Soccer Game in Bolivia with Mom and Sister
My sister, my mom and me (right) in a soccer game in Bolivia.

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My first year of college was difficult. I chose a small college in Indiana unsure of what I wanted to do. While geographically I was only a few hours from my family, it felt like a world away. I didn’t have any sense of direction. My eyes had been open to the fact that it wasn’t for me, so I decided to take some time off. I went back to Cincinnati with my parents to rethink. If they had not been there for me, I’m not sure if I would have had the ability to reconsider my passions. I spoke with an advisor at the University of Cincinnati while I was working and decided to attend school there. I majored in both Criminal Justice and Political Science.

Coming from a very traditional and family-oriented city in Bolivia, I was not prepared for college life in the US. My conservative background seemed to hold me back in some ways that made my experience different. Behaviors and reactions that I viewed as “rude” were often done in the US and considered the polite thing to do. There was a learning curve that I had to figure out from experience.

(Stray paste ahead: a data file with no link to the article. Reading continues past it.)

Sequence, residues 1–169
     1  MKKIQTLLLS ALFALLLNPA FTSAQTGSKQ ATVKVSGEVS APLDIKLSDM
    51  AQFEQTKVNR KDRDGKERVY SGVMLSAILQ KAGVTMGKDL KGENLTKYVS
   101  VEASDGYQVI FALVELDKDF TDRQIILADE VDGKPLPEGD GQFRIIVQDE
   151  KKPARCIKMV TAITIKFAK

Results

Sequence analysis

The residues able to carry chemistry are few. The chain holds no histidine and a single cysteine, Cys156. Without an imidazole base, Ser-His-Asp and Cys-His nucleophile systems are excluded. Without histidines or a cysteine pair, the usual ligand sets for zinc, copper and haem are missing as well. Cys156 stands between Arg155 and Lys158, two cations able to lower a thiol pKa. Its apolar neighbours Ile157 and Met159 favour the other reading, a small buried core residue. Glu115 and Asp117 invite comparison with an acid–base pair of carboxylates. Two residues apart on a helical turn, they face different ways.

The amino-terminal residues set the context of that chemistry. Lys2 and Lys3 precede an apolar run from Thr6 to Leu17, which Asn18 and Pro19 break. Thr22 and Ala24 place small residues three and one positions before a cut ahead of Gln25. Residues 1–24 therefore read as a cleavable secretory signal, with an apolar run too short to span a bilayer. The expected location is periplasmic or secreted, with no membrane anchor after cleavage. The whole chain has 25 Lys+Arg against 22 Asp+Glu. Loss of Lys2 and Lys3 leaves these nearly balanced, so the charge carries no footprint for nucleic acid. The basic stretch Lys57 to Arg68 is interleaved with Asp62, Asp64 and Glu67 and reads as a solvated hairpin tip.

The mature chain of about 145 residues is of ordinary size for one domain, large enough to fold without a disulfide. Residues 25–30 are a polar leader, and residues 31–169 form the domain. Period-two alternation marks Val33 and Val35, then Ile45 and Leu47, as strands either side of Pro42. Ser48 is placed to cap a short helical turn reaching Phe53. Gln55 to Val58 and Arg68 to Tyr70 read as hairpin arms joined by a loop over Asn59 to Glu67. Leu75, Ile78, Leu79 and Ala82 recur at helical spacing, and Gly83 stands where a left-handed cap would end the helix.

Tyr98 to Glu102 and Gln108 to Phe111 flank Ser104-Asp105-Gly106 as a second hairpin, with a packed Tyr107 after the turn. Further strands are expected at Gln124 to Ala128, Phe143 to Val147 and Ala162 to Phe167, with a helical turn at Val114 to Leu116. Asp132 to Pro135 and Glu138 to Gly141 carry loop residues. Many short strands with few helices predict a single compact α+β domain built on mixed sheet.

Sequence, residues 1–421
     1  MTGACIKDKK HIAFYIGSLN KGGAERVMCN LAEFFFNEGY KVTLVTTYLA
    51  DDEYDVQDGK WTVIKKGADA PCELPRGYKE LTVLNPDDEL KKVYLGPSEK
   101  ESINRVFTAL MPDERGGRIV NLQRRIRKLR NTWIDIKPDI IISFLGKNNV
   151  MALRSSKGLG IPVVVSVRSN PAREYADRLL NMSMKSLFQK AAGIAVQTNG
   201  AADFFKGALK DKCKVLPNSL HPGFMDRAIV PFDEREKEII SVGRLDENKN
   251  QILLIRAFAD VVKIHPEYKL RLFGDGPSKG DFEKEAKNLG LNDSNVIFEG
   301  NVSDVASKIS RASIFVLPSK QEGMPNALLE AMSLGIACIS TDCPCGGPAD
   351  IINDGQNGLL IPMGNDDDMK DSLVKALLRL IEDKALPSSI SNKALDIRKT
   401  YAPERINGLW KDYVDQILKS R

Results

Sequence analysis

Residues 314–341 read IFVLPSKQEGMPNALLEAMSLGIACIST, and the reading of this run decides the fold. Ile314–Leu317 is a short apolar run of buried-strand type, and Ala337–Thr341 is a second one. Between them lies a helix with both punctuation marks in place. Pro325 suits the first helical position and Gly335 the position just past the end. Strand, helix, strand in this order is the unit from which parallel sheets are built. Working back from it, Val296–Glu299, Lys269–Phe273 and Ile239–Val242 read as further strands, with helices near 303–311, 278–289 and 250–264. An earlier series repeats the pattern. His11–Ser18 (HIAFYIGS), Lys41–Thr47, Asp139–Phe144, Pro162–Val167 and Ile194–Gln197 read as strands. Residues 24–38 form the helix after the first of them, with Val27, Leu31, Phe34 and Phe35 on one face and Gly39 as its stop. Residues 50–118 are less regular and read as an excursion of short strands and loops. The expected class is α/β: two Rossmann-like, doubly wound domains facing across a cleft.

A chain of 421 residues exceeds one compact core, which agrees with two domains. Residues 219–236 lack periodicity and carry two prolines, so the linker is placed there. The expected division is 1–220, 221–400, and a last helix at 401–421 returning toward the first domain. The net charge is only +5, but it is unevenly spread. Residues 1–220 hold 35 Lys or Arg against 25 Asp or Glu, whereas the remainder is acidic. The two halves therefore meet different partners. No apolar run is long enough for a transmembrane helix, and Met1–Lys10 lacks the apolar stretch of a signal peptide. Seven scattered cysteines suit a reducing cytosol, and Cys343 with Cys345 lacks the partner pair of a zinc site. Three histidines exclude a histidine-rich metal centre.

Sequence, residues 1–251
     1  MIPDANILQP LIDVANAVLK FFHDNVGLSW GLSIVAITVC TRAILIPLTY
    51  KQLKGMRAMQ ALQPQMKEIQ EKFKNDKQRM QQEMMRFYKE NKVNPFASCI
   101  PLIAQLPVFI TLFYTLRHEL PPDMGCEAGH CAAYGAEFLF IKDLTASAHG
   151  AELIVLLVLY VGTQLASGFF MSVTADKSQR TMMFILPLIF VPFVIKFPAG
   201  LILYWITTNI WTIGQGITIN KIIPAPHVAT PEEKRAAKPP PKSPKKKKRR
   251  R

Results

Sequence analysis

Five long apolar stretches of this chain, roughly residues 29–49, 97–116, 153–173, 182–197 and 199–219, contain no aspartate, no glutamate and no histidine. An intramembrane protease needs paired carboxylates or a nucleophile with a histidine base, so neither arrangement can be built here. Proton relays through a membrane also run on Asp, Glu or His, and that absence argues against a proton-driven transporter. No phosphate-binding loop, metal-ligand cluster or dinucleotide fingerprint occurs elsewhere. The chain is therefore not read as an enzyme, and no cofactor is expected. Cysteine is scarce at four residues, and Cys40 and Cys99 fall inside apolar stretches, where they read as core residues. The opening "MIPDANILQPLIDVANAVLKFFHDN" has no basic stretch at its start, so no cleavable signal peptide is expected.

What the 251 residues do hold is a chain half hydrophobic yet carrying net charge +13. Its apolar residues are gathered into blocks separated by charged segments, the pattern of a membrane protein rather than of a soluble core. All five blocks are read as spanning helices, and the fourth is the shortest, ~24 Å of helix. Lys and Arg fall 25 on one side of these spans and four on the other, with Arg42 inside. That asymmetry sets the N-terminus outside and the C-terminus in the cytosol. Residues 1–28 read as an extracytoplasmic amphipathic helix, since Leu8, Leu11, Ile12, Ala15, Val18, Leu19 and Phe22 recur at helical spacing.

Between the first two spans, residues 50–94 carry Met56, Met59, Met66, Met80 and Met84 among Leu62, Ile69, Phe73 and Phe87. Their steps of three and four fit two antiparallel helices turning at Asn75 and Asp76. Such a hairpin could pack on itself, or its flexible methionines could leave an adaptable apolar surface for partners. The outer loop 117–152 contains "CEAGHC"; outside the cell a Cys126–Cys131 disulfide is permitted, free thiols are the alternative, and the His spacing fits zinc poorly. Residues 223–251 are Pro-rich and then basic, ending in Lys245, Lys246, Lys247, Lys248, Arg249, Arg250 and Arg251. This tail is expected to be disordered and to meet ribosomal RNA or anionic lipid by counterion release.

Luckily, there was a large group of international students who became my best friends and walked alongside me as we figured out what it was like to live in the US. Life got better. I started working in an interpreting agency and on campus as a recruiter.

Over the next several years I had some amazing work opportunities. I was able to work as a legal translator in the court system while I studied criminal justice at the University of Cincinnati. It was through this job and talking with attorneys that I decided I’d try a different career path. After graduation, I found my way into a human resources position by chance. A local company was looking to hire someone with knowledge of a program that I had experience with through my recruiting position in college. My knowledge of the program paired with my HR experience from college landed me a job with that company.